Namratha's Reviews > A Song for Summer

A Song for Summer by Eva Ibbotson
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Aug 10, 08

it was amazing
bookshelves: ya-lit, classics, eva-ibbotson-gems
Read in August, 2008

Ellen Carr is a refreshing heroine. Departing from the usual breed of go-getters, smart-talkers and hard-as-nails characters that populate today’s books, Ellen is warm, enchanting and the epitome of the ol worlde English Nanny (albeit in a glorified role). Raised by a family of strident suffragettes in the early 1940s, Ellen surprises everyone by showing a love for all things domestic. Her inspiration is her grandfather’s Austrian help/partner Henny who teaches the young Ellen how to make 'Apfel Strudel' and others things practical yet pretty.


After Henny’s death.....Ellen moves to Austria to take up the job as housemother in a progressive school called Hallendorf. Hallendorf is a school unlike any other…supposedly meant to give free reign to the bursting talent of prodigious children. Infact it’s more like a dumping grounds for wealthy parents, whose children are parceled off and promptly forgotten. And the soft-hearted Ellen takes everyone under her wing…from the weary headmaster and the insecure children to the distinctly weird staff and their idiosyncrasies.Another character who intrigues Ellen is the handsome Marek...the groundman cum fencing master cum hero-of-the-masses. Love inevitably blossoms, but it is shrouded by the looming threat of World War2.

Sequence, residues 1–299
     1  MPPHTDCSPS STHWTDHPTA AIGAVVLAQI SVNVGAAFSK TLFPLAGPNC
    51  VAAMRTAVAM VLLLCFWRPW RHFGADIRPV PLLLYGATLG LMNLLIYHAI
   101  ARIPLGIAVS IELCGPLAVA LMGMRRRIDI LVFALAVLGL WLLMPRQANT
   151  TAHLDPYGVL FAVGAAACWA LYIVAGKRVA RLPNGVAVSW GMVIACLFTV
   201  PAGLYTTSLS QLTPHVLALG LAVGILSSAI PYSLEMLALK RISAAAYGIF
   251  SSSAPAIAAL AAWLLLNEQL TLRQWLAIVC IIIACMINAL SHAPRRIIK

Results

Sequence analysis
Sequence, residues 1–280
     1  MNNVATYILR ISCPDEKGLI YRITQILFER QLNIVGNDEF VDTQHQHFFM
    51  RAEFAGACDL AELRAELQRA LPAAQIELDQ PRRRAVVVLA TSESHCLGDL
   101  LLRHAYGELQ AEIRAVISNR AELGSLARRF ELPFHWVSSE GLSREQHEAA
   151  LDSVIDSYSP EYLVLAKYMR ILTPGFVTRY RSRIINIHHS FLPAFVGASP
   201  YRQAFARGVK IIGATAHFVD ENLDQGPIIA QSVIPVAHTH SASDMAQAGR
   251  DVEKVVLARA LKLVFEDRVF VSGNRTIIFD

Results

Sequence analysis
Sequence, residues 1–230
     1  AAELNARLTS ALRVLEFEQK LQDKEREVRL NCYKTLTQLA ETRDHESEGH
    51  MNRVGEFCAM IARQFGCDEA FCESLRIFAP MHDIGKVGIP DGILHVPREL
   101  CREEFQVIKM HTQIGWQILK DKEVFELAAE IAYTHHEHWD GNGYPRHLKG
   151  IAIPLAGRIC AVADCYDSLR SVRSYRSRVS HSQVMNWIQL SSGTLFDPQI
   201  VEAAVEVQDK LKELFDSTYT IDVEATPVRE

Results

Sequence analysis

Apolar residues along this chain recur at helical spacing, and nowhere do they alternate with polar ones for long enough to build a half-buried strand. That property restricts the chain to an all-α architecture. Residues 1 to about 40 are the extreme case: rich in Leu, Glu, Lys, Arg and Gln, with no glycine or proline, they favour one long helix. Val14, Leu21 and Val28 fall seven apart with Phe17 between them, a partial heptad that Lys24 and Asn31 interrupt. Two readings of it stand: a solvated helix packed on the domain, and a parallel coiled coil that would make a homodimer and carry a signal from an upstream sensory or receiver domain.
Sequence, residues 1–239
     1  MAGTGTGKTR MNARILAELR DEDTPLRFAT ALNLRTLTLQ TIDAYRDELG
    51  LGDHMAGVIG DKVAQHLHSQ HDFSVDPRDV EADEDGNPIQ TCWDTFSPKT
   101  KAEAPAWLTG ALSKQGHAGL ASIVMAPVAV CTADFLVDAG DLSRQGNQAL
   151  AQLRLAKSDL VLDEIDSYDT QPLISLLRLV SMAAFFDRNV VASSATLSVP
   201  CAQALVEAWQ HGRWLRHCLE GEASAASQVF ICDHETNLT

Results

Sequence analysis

And soon Ellen discovers that Marek is a man under disguise. He is Marcus von Altenburg, a world famous musician who has now devoted his life to helping an assortment of resistances smuggle Jews to safety. A noble cause but a path laden with danger and the threat of things going seriously long.

From the minty-fresh air of Austria to the decadence of Vienna to the smoke-filled depression of WW2.....A Song for Summer is a full-fledged historical romance. While the book could have easily veered into mushy sentimentalism, Eva Ibbotson’s classic humour, funnily-flawed characters and smooth transitions lift it to a whole new level. The pain-staking attention to details of places and events would please history-buffs, but for me it was about Ellen and Marek.

While Ellen appears to be to-good-to-be-true, you realize that it has to be just so. Amidst all the chaos and uncertainty, you need a character who symbolizes hope and comfort. Marek, the unique combination of earthy woodsman and temperamental musician is the perfect foil for the practical Ellen.

Another memorable couple and a definite addition to all-time favorites.
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